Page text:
Column: Aspire Unplugged, by Cheryl Patterson
“Self-respect, self-worth and self-love, all start with self. Stop looking outside of yourself for your value.” – Rob Liano
What would you say if I were to ask you what you loved about yourself? Would you feel tongue-tied and at a loss for words, or be able to easily list some things? Although most of us would prefer to be on the latter end of the spectrum, it’s not an easy feat for everyone.
For many of us, it takes half a lifetime to come into our own, finally shedding the insecurities and cares about what others think, and learning to accept and love ourselves as we are. But it doesn’t have to take that long. Just as we can have high regard for others, we can nurture it in ourselves, once we determine what it means for us.
Self-love is often confused with areas such as self-esteem, worth, respect, acceptance and image. Probably because they are all important elements to loving ourselves – they all contribute to positive personal regard and contentment.
For instance, when we love ourselves, we make sure we’re treated respectfully and are valued (by ourselves and others), we set boundaries in support of our esteem and worth, accept our great and not-so-great parts and have a positive self-image.
However, no two people are alike. We each have our own areas we struggle with. For one person, loving themselves more might mean less pressure for perfection and greater acceptance, and for another it may mean being more selective about the kind of people they have relationships with, and so on. So, the following are tips to help you nurture the area/s that are impacting you, to help you on your path to greater self-love.
- Identify strengths – things you’re good at – and use them more often and in creative new ways.
- Focus on your accomplishments. High self-esteem comes from being proud of one’s achievements – no matter the size – not from self-criticism. Acknowledging your achievements helps you realize you can accomplish things, which inspires you to do more and increases your confidence and success.
“If you hear a voice within you say you cannot paint, then by all means paint and that voice will be silenced.”- Vincent Van Gogh
- Dispute negative thoughts. Instead of being hard on yourself when something doesn’t work out, remember there are variety of factors that can cause a situation to fail, including time, energy, other people and external circumstances.
- Persevere in spite of shortcomings. Think of challenges you’ve risen above in the past, and been successful at, and have faith – in yourself – that you can do it again.
- If you’re in any situation that you suspect isn’t supporting positive feelings about yourself, take a moment to check your self-worth. Where is it on a scale of 1 to 10 (10 being excellent)? And ask yourself, “Do I feel good about myself when I’m in this situation, or not?” You’ll get your answer instantly. All you have to do is trust and listen to it, and strive for more supportive situations.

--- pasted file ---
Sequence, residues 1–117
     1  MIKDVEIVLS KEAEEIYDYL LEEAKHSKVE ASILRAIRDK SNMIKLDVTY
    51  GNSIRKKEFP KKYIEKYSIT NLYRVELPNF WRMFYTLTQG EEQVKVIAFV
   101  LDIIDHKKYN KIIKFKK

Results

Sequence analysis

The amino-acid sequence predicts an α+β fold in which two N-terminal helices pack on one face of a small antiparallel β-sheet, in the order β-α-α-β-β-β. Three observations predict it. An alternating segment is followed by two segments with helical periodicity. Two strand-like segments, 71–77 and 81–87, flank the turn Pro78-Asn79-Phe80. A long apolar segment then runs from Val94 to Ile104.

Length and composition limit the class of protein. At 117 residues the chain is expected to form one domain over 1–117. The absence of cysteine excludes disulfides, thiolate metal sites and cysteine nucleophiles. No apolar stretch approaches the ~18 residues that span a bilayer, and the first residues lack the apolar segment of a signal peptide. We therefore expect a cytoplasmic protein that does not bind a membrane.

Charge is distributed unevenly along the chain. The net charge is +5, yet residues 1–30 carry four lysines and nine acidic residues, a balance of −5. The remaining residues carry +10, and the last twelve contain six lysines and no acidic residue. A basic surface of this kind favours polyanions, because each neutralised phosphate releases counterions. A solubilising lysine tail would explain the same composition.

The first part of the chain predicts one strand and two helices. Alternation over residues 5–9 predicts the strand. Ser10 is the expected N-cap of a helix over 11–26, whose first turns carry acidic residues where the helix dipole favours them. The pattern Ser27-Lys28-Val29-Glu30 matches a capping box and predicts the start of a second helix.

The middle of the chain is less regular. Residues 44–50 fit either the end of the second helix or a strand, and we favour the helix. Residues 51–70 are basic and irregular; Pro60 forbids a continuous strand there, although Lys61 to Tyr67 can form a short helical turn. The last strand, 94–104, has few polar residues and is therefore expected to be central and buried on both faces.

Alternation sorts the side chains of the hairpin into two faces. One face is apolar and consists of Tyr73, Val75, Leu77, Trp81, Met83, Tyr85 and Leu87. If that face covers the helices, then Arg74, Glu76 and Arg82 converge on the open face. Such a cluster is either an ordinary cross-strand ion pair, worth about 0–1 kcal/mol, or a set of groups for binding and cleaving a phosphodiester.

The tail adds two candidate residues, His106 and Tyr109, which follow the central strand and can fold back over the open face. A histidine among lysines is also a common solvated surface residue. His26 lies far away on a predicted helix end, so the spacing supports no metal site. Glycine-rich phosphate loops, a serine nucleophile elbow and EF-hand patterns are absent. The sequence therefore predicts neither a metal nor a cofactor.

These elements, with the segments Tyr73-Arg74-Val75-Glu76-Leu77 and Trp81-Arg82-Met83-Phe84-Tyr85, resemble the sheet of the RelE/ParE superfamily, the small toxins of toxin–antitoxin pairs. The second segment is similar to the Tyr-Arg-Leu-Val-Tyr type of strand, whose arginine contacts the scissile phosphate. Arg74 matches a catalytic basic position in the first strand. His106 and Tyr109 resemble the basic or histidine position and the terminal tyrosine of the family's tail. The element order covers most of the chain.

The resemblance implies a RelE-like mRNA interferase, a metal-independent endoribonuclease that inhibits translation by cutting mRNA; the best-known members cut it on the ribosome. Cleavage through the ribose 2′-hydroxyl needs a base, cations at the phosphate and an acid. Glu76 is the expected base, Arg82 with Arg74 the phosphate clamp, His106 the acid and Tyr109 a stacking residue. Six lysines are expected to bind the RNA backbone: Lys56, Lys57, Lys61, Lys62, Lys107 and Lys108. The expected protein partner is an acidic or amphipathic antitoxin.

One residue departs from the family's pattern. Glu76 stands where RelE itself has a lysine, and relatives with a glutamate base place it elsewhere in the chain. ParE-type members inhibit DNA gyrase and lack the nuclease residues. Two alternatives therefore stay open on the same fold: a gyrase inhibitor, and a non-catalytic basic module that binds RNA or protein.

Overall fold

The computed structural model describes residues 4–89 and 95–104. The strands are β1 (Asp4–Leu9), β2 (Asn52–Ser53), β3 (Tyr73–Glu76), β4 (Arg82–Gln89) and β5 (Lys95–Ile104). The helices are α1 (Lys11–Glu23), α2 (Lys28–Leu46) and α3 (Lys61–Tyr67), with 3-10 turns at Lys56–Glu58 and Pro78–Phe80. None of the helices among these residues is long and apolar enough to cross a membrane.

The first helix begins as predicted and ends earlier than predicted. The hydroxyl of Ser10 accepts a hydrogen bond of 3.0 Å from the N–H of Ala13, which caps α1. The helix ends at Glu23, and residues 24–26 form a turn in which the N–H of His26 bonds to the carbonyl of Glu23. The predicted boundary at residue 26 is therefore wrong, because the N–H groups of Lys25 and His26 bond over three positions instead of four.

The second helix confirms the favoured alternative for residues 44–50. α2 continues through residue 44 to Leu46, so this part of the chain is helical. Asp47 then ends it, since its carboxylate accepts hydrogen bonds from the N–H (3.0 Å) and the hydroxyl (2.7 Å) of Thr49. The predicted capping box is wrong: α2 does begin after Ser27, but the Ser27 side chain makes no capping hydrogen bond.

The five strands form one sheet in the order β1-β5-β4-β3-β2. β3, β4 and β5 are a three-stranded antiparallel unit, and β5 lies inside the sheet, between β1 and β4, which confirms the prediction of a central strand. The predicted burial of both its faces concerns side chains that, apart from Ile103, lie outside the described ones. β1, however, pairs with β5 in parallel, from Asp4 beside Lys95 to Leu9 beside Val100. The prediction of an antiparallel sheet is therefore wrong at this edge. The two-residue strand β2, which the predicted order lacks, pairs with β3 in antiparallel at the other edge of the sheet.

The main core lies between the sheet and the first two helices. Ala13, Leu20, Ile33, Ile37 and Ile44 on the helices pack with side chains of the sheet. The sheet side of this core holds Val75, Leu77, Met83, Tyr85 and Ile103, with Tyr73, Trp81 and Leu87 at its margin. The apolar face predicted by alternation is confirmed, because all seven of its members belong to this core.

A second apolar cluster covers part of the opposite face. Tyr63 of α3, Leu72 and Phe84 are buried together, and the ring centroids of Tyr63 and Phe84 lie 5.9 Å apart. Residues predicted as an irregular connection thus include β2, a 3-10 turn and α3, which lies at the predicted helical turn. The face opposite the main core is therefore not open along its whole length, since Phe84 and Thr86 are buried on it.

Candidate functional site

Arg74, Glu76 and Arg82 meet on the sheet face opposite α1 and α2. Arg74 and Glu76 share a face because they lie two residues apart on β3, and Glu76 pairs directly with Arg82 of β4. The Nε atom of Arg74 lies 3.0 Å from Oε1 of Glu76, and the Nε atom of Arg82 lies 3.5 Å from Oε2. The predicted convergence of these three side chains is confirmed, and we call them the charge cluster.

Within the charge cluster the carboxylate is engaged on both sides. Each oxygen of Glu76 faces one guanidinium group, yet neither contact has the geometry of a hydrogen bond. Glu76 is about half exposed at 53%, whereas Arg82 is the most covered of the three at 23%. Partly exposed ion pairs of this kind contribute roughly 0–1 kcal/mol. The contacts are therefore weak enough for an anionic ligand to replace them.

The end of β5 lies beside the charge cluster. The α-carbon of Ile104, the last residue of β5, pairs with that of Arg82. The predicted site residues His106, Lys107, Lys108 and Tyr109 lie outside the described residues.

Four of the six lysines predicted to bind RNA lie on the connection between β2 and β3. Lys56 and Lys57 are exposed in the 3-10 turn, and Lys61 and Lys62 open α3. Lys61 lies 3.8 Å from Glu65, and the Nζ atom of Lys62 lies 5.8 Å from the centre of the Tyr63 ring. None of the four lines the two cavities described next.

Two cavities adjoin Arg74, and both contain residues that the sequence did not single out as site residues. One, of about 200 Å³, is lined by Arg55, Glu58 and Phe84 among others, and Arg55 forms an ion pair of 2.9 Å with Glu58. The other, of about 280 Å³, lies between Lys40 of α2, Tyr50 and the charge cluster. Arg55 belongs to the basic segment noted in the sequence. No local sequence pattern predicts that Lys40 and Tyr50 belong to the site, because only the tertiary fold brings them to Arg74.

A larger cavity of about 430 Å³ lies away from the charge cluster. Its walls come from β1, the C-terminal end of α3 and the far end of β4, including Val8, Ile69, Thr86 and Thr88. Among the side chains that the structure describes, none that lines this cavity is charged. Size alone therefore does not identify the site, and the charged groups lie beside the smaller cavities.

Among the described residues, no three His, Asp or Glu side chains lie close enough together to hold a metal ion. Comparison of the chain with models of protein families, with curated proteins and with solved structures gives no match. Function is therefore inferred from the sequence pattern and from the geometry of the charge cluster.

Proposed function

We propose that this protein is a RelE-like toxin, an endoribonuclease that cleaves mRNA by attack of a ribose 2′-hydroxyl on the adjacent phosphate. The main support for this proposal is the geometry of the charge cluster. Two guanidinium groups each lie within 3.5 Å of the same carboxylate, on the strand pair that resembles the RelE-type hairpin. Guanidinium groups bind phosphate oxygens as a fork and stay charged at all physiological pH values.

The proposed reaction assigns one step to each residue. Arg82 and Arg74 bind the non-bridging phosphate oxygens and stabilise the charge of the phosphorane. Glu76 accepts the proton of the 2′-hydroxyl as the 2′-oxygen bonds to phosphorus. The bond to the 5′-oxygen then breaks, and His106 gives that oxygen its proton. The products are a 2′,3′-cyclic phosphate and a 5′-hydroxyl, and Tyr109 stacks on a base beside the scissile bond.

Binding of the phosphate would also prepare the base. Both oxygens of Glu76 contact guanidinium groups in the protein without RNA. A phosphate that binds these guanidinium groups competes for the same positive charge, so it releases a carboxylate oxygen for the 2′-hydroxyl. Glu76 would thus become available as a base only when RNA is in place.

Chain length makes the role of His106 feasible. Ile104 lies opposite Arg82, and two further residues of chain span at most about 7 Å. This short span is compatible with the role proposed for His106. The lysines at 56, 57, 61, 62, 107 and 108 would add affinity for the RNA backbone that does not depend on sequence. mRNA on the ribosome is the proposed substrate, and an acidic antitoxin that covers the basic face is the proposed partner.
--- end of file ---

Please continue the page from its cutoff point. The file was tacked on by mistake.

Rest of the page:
- Fake-it-till-you-make-it. Sometimes it can be hard to get out of our own head and change our thinking patterns. The good news is that research supports the theory that we can behave our way through it. According to happiness researcher Dr. Sonja Lyubomirsky of the University of California, behaviors associated with particular emotions, intensifies that emotion. Get in the practice of creating changes in support of greater self-worth.
- Challenge what you find difficult to accept about yourself by putting yourself in situations that support them.
- Change self-criticism to self-compassion, with kindness and appreciation for your efforts. Self-acceptance is unconditional, much like love. And it’s tied to how you look at yourself, not to things you do.
- How do you see yourself, positively or negatively? If your descriptions about yourself highlight characteristics you like, you have a positive self-image. However, if you’re focused on your flaws and describe yourself more critically than kind, it’s time to start viewing yourself in more positive ways. Create a kinder self-description. Just like when we say kind things about others, it makes them feel good about themselves…it does the same for us.
- A person that respects themselves has standards regarding how they want to be treated. Some people might say the way they practice self-respect is by not allowing others to ‘walk all over’ or take advantage of them. Assertiveness is essential here, and can be practiced in small ways, such as setting realistic limits about what you can give of yourself to others and in your daily endeavours.
- One of the strongest ways to send a message to anyone about how you want to be treated is to treat yourself well – to value yourself enough to make positive efforts and choices on your own behalf. Caring about your needs sends the message that they`re important.
- One of the greatest gifts you can give yourself, and that has an impact on all of these areas above, is to surround yourself with positive, kind and supportive people that will value you for the special person that you are.
Self-love is more than just saying you love yourself; it’s about self-care – taking a glimpse at some of those needs that may have been neglected or dormant a while. “Your task is not to seek for Love, but merely to seek and find all the barriers within yourself that you have built against it. – Rumi, thirteenth century Sufi poet